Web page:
Grover Norquist and Rep. Joe Barton argue for controlling spending to reign in and balance the budget in Roll Call.  “Memo to the 112th Congress: Want to fix what’s wrong? It’s really simple and really difficult: Spend less, balance the budget, grow more… The true cost of government to the American people is the total amount of spending. And the only way to reduce total government spending is to do less of it, starting soon… Want to put things right in America again? Get control of government spending, balance the federal budget and restart the economic growth.”

Billy Gribbin, a federal affairs associate at Americans for Tax Reform is in The Daily Caller, “GIPSA chief is finger lickin’ bad…A trial lawyer, Mr. [J. Dudley] Butler is now serving as the Administrator of the Grain Inspection, Packers and Stockyards Administration (GIPSA), an agency of the USDA tasked with regulating the trade of poultry, livestock, and other agricultural products… Butler took the lead in… whittling down the evidence required to establish that “undue preference” has been shown by meat companies in buying from one small producer or another. This translates into an easier and more profitable job for the plaintiff’s attorneys … The cost of fighting and protecting against such suits will inevitably be passed down to the consumer. J. Dudley Butler operates under what is fast becoming the watchword of the Obama administration: if you can’t beat ’em, regulate ’em.”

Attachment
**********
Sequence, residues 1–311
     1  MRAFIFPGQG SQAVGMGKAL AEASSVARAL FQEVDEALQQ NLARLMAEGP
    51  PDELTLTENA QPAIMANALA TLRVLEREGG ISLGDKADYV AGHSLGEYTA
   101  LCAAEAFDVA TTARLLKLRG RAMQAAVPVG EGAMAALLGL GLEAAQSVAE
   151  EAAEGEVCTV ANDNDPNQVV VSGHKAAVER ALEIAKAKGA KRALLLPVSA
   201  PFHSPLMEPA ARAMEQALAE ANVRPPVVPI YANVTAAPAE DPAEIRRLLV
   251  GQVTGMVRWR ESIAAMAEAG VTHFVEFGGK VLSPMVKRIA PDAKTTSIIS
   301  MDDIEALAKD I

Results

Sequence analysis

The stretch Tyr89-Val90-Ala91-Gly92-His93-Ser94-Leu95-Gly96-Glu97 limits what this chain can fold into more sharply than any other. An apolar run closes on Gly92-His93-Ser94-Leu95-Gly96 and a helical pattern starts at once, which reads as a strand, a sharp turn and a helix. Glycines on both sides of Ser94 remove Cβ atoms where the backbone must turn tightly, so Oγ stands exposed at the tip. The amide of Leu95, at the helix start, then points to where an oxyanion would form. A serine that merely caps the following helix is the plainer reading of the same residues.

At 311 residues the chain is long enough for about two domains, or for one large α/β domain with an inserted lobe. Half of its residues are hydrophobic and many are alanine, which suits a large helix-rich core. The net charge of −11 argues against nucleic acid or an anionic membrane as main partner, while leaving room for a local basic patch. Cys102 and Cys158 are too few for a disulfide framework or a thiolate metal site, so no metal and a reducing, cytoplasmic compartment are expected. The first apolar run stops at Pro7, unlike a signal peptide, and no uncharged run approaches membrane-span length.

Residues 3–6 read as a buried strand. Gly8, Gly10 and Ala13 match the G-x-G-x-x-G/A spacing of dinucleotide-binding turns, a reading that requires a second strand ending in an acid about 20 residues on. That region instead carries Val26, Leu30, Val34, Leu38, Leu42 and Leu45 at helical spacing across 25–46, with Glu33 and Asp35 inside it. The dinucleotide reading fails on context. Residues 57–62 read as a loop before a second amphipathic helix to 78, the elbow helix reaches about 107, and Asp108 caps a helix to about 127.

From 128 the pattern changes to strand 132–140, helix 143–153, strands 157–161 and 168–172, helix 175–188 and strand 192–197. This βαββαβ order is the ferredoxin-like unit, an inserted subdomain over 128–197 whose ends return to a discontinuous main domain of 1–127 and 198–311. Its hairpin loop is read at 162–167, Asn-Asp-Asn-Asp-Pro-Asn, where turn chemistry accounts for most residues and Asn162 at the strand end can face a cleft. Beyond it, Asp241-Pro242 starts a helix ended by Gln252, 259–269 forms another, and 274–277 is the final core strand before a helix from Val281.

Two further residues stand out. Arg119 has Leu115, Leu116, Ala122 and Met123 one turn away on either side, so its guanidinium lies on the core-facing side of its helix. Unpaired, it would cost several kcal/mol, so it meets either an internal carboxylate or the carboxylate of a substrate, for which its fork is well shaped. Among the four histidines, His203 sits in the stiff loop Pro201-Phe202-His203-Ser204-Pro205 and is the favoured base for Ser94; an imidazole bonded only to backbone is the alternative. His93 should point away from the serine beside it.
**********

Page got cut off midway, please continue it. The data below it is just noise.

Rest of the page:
ATR friend and ally Chris Freind appears in The Philly Post announcing that “Marcellus Shale Is Not An NBA Player… It's the key to Pennsylvania's future.” Freind continues, “If lame duck Pennsylvania Governor Ed Rendell and his protégé, failed gubernatorial candidate Dan Onorato, had their way, the Marcellus Shale industry would have died before ever getting off the ground. Those politicians wanted to impose a severance (extraction) tax on natural gas, as high as ten percent… Thankfully, Governor-elect Tom Corbett, with a No-New-Tax promise being the cornerstone of his campaign, trounced Onorato. In doing so, he slammed the door shut on the catastrophic failure that will forever be known as the Rendell Legacy, and opened a portal to opportunity not seen in Pennsylvania for generations.”

More government intrusion? ATR’s Patrick Gleason explains in The Daily Caller, “Fed up Americans recently united in telling the government not to touch their collective junk and the message appears to be getting through, at least somewhat, as the Transportation Security Administration is reportedly reevaluating the new enhanced pat-down procedure in response to public outcry. But the TSA’s taxpayer-funded grope-a-thon is not the only unpopular policy that received public rebuke last month… One of the most exemplary and least discussed manifestations of this sentiment on election night was voter backlash against soda taxes and the lawmakers who voted for them… A clear trend has emerged and soda taxes have become a prominent example of the public’s disdain for unnecessary government intrusion in their lives and livelihoods. After last month it should be clear to all incumbent and incoming lawmakers that soda taxes are bad policy, bad politics, and should be quickly dismissed.”